The concept of the “Dialogue in the Dark” project proved to be quite in demand. Similar exhibitions are being organized and continue to open for the first time in many other cities on different continents. Many sighted people have thus been able, thanks to this project, to gain a unique experience of being in the place of a blind person for a while, however small. At the same time, on the other hand, many blind and visually impaired people have mastered the profession of tour guides at similar exhibitions.

Dialogue Museum Frankfurt am Main, photo and description

The Senckenberg Museum (Naturmuseum Senckenberg) is the second largest natural history museum in Germany and is especially popular with children because of its large collection of dinosaur skeletons.

Museum of Icons in Frankfurt

The Ikonenmuseum’s exposition is based on the collection of Dr. Jürgen Schmidt-Feugt, who donated 800 icons dating from the 16th to 19th centuries to the city in 1988.

Museum of German Architecture

The Museum of German Architecture (Deutsches Architekturmuseum) exhibits a collection of drawings and models, including works by modern classics such as Erich Mendelssohn, Mies van der Rohe and Frank O. Gehry.

German Film Museum

The Deutsches Filmmuseum (German Film Museum) exhibit focuses on the history of the film industry.

Museum of Applied Arts in Frankfurt

The Museum für Angewandte Kunst presents a collection of European and Asian handicrafts from ancient times to the present day. The museum exhibition is divided into several themes: book art and graphics, design and European arts and crafts.

Noodle Museum in Japan, photo and description

Regional Art Gallery Frankfurt

The museum was opened relatively recently – in 2000. Various exhibitions are often held in the museum in order to promote the cultural development of the region.

“Alpha-city” Frankfurt (Frankfurt am Main or Frankfurt am Main) – the city of Baron Rothschild, the city where the famous German poet Johann Wolfgang von Goethe was born, where there are no avenues and castles, but plenty of skyscrapers banks, expensive dressed people, ladies in furs, and more Americans than Germans – has always caused genuine interest among tourists. In this most modern and technologically advanced city in Germany, as a result of its almost total destruction during the bombing of World War II, there are no old houses. Full of dignity, Frankfurt cherishes its past, as you can see by visiting its museums of all kinds, which gives museum lovers something to their liking.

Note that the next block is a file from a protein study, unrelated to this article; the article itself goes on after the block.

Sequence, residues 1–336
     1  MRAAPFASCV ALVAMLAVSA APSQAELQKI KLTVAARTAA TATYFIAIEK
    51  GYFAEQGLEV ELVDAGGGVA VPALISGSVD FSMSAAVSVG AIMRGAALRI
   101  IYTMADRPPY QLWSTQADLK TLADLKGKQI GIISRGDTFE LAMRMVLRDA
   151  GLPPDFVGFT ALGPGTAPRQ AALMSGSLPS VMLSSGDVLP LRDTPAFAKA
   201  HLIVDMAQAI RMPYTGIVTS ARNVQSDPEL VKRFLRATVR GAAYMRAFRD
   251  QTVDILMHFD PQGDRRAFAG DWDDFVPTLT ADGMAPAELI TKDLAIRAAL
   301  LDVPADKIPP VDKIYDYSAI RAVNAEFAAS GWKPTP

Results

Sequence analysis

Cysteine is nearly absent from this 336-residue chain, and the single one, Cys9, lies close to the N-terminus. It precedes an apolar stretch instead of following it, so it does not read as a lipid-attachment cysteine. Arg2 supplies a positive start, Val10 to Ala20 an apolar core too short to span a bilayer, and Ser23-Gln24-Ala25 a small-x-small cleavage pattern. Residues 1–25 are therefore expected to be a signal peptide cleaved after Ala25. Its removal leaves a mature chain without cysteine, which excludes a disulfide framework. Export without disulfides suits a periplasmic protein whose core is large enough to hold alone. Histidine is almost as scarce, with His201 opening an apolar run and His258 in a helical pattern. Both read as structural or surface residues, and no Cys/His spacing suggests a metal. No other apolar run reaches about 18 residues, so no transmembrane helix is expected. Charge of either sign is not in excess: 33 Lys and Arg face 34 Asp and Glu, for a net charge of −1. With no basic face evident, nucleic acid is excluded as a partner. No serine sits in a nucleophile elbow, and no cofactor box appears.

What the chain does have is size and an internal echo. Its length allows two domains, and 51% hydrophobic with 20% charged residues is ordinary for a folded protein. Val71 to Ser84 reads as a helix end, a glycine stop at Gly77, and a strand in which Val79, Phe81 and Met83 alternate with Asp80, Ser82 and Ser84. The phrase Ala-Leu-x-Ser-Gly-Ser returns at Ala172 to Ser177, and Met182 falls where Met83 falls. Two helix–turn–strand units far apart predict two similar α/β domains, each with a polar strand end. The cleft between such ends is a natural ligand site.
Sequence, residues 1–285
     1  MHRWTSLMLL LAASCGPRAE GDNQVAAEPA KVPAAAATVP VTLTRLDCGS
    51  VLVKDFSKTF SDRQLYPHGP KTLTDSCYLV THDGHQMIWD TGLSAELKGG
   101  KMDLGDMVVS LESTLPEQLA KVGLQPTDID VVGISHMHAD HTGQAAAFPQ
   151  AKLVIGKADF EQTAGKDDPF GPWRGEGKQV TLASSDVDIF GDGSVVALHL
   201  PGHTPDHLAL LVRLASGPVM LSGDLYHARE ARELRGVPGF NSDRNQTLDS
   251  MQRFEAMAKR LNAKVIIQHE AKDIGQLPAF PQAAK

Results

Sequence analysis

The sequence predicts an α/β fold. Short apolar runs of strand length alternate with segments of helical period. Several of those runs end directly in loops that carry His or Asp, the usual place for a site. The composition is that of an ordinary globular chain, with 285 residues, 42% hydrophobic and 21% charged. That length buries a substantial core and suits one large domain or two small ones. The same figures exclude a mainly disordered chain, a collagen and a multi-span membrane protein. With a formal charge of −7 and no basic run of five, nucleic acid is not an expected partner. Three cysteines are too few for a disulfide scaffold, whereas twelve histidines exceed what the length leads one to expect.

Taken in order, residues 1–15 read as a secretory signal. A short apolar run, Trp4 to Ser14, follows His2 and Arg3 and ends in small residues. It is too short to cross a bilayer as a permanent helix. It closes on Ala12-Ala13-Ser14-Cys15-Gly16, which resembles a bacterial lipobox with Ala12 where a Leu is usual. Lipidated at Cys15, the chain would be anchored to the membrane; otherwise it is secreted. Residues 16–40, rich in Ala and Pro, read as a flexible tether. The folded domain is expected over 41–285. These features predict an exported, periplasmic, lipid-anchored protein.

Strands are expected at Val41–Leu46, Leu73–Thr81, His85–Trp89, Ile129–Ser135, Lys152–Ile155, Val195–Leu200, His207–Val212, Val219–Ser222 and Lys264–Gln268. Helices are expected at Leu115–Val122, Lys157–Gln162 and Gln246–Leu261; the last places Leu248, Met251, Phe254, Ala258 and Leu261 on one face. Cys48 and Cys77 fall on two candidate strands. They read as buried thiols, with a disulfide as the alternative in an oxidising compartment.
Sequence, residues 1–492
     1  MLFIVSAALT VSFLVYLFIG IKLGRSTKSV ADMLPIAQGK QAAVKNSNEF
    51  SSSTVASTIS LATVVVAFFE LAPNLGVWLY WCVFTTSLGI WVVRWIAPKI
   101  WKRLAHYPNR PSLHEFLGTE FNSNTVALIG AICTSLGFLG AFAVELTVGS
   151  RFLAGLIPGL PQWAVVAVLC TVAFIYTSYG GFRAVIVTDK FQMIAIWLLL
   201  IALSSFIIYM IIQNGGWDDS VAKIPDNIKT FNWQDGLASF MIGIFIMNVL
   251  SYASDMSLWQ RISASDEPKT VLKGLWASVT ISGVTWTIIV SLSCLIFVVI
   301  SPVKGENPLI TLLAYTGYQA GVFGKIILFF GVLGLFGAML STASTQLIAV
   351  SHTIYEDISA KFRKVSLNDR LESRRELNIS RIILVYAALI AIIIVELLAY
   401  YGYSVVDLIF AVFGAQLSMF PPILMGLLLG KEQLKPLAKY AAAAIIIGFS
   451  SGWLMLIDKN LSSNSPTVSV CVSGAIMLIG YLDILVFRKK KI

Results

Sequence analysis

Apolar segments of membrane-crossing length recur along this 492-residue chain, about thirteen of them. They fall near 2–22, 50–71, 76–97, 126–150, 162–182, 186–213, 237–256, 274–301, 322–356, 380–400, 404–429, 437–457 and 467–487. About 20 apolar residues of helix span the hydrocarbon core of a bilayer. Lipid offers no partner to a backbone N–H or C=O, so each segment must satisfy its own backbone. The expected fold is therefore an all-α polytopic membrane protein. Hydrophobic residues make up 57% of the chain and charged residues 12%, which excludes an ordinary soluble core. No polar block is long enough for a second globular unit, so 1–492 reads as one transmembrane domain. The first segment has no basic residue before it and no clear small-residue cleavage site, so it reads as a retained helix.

Fans of German literature will find it interesting to visit the house-museum, which was rebuilt after the war and where the talented author, poet, social activist and scholar Goethe was born in 1749 and lived until he moved to Weimar in 1795.

Most of the museums are located in the district of Sachsenhausen, along the bank of the river Main (Museum Embankment), on the south side of the river. These include the Museums of German Architecture, Icons, German Cinema, Applied Art, Communication, the Municipal Sculpture Museum, the Regional Art Gallery, the Steidel Art Institute and the Ethnographic Museum of World Cultures. The old part of the city, on the north side of the river, also abounds with museums, the main ones being the Historical Museum and the European Museum Frankfurt.

The children’s museum in the Hauptwachte (right bank of the river Main) is a great place to spend an entertaining and educational time with the children. Many special projects, especially during the vacations, role-playing games, simulations and musical evenings help to arouse the interest of young visitors in the past.

Museum of Lard in Lviv, address and menu of the institution

Fans of German literature will be interested in the house-museum, which was rebuilt after the war and where the talented author, poet, public figure and scientist Goethe was born in 1749 and lived until he moved to Weimar in 1795. Personal effects, manuscripts, an astronomical clock, a library and the writer’s original desk, restored in the style of fine citizens’ houses at the end of the 18th century, are stored here, giving a general idea of the life and work of the owner.

The Museum Moderne Kunst (“Piece of Cake”), built by architect Hans Hollein in the original form of a cake slice with a glass dome, hosts exhibitions of avant-garde art.

Those interested in finance and economics will find much to learn at the Money Museum, which sheds light on the economic politics of Europe. For those interested in the history of transport in Germany over a period of one hundred and thirty years, starting with the first tramcar (horse-drawn tram) in 1872, the Transport Museum (Werkersmuseum) is located in a former streetcar depot in the Schwanheim district.

Next door to the ruins of the Jewish quarter of the 15th and 18th centuries, in one of the two buildings of the Jewish Museum Frankfurt, once owned by the Rothschild family, one can explore the history of Amschel Rothschild’s acquisition of financial power and the title of Baron directly on German soil.

Every museum in Frankfurt am Main is interesting in its own way, and those who wish can go to the one closest to them. Every spring there is the now-traditional Museum Night, and the last weekend in August is a time for the wonderful Museum Embankment Festival.